Students attend Equality March

On Oct. 11, 22 members of Geneseo's Pride Alliance visited the District of Columbia to participate in the National Equality March and demand equal rights for those within the LGBT community.

 The march was organized by Equality Across America - a grassroots organization that, according to its Web site, seeks "equal protection for lesbian, gay, bisexual and transgender people in all matters governed by civil law in all 50 states."

The National Equality March drew an estimated 200,000 supporters. Juniors Kyle Rodrigues and Christina Miller organized the trip. Both had initially planned to attend the march unaffiliated with Geneseo and the Pride Alliance, but Miller said that both she and Rodrigues soon realized the "across campus need for and interest in" the march.

The two began expanding their plans, seeking the support of Genesee Hall and Pride Alliance. The Rochester Civil Rights Front was contacted to organize two buses to transport students down to D.C., and Student Association subsidized half the price of the bus ticket.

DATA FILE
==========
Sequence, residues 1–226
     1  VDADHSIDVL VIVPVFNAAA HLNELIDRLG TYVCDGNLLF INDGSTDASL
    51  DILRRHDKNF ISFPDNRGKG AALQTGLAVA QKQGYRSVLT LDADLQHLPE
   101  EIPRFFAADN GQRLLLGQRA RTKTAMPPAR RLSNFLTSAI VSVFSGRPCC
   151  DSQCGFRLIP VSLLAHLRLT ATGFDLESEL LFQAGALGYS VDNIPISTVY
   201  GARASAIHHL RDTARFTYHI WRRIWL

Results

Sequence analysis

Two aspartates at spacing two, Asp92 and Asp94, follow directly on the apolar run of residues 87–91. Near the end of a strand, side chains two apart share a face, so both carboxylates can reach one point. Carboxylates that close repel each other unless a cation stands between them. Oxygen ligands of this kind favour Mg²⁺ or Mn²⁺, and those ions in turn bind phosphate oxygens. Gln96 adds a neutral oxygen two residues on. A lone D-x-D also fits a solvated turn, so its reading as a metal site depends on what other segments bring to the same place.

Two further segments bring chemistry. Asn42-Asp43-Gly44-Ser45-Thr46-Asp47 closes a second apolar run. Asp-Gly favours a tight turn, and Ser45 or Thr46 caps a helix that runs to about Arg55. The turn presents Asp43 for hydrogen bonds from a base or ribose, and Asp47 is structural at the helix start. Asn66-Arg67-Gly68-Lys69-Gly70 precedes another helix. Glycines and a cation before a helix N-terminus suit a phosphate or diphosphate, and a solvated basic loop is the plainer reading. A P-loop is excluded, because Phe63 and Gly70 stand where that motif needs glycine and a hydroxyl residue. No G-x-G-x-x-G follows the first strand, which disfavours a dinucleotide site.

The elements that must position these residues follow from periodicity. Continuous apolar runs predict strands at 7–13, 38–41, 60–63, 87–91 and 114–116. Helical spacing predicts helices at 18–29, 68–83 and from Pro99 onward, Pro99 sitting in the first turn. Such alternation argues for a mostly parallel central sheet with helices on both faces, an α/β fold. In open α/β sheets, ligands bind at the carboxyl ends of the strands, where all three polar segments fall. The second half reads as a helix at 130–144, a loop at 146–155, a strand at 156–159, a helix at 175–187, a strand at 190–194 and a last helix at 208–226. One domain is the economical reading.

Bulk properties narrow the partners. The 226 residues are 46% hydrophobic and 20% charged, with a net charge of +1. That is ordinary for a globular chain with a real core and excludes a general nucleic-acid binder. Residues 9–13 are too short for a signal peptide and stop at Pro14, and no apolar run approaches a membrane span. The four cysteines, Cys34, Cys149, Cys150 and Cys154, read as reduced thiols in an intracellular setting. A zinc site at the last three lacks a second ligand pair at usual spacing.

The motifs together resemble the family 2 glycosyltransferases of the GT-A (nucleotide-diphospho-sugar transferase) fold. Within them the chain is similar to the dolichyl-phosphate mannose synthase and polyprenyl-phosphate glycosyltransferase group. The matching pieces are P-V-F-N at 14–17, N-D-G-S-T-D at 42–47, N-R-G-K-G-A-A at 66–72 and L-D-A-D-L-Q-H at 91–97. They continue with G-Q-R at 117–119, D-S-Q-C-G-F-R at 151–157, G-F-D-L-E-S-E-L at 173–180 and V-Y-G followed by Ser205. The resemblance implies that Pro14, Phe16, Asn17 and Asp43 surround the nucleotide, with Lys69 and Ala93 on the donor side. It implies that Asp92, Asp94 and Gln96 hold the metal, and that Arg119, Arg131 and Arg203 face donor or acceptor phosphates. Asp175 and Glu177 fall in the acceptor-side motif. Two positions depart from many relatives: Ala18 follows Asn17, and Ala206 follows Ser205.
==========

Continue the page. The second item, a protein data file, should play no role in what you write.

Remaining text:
The evening before departure, Geneseo participants gathered to make posters and banners while watching President Barack Obama's speech at the Human Rights Campaign. Afterward, students from Monroe Community College, SUNY Brockport and the Rochester Institute of Technology joined them for the bus ride to the march.

The students who participated were part of a "student contingent" that led the marches. Rodrigues said that having students lead the march made "an important statement to the nation [regarding the] strong youth component" of LGBT activism.

Protesters marched 2.33 miles through the district before arriving at Capitol Hill. Rodrigues said the feeling was incredible when a speaker informed the already-large crowd that there was still seven blocks of marchers yet to arrive.

At the Capitol, the students listened to 30 presenters from different facets of the LGBT community, including Lady Gaga, Cynthia Nixon, Cleve Jones and Lt. Daniel Choi, who was discharged from the U.S. military because of the "don't ask, don't tell" policy. The cast of the Broadway musical Hair led the protestors in a sing-along of "Let the Sunshine In," a song from the show.

According to Miller, the march helped participants feel "a sense of greater connectedness to the LGBT community … everyone felt as though their country was starting to recognize them."

"While the march is very important," Rodrigues said, "what is more important is to bring the experience and a sense of activism back to your community." He said the Pride Alliance intends to make activism a priority in planning future activities.